Stupid Like a CEO (05/10/2002)
STUPID LIKE A CEO :
A Dollar Short : Bush's budget defunds Bush's education plan. (Noy Thrupkaew, 6.3.02, American Prospect)
When the education-bill team gathered in the White House for its initial negotiations, says [Representative George] Miller, both he and [Senator Ted] Kennedy emphasized that substantial reforms were only possible with an increase in funding to schools. "You couldn't do it on the cheap," Miller explains. "And President Bush said the money was going to be there." In order to win the Democrats' backing, Bush also scaled down his support for vouchers. But like so many of the bill's provisions, this compromise was undercut by the president's proposed budget, which diverts $4 billion to private-school tuitions, in the form of tax cuts for parents who remove children from failing public schools.
One of the great mysteries of media coverage of George W. Bush is how the press can have completely failed to understand his administration's roots in the world of business. The accepted storyline on George W. Bush assumes that his name got him into Yale, into the Air National Guard, into business, and into government, and that he learned nothing along the way. Completely left out of the equation is his MBA from Harvard, because it is annoyingly inconvenient. Bushs after all don't go to Harvard, especially stupid Bushs, and they don't go to grad school, because there's no need to when friends of the family are going to hand you opportunities regardless. So the whole MBA deal just disrupts an otherwise simple picture. Why not ignore it?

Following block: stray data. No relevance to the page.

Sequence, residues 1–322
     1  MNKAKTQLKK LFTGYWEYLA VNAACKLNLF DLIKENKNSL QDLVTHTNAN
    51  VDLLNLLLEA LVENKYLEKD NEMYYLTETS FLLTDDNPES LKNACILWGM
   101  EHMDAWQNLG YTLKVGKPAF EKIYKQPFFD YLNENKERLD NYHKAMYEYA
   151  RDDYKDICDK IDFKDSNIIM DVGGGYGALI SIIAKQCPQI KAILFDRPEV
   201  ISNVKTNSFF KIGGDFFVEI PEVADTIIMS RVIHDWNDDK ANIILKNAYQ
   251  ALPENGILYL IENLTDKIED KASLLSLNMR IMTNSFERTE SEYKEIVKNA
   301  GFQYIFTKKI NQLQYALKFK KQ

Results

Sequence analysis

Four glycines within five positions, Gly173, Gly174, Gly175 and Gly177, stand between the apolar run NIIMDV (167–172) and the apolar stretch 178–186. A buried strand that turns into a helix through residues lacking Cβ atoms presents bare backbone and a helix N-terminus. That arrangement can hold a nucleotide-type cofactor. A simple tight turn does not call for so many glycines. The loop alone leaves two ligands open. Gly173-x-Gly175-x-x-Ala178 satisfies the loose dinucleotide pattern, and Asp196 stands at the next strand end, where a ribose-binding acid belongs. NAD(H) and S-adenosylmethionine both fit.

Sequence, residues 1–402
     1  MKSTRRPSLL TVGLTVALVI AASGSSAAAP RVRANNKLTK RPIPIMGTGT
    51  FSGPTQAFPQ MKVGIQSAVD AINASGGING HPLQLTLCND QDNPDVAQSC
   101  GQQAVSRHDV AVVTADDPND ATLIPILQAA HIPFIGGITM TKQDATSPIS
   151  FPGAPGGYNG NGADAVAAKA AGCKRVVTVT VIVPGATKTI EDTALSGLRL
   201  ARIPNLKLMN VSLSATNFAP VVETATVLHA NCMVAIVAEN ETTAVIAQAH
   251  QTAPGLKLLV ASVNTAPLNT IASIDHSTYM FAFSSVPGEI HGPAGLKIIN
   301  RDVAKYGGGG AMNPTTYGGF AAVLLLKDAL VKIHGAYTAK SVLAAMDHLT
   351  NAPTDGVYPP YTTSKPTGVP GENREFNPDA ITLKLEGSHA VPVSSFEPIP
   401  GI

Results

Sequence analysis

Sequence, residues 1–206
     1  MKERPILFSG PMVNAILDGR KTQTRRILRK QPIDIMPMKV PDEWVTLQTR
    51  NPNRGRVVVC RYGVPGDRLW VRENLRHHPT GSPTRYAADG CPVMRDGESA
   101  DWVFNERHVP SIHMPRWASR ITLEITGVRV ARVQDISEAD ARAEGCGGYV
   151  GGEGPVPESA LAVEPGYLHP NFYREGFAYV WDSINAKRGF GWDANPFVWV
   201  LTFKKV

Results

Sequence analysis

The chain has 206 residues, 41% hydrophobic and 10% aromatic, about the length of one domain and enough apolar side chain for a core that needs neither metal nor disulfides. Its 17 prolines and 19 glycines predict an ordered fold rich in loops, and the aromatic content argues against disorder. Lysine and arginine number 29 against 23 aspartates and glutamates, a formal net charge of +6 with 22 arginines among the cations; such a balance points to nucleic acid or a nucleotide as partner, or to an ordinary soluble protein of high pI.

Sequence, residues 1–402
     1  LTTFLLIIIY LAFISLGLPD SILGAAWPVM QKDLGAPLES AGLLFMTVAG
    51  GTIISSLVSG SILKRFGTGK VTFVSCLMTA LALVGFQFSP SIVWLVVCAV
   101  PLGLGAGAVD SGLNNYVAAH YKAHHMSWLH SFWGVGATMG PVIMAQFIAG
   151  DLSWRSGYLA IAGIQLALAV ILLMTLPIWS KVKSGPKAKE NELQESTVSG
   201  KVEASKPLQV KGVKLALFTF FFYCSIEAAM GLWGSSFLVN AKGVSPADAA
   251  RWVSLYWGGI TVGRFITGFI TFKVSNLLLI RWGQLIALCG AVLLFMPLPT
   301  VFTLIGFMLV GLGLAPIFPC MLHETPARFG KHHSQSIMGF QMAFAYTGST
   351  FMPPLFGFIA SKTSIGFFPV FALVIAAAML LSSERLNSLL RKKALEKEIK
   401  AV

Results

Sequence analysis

But suppose it matters? Suppose the point in his life where he most clearly broke with his father's career path and was most clearly his own man (supposedly he didn't even tell anyone he was applying) truly mattered, at least to him. And, God forbid, suppose he learned something, not something factual or some complex theory, but a culture and a way of getting things done. Suppose that, in much the way that LBJ's senate career taught him how to work legislative levers once he was president, George W. Bush's business training and career taught him how to get things done in a modern bureaucratic corporation, which, at the end of the day, is what government resembles.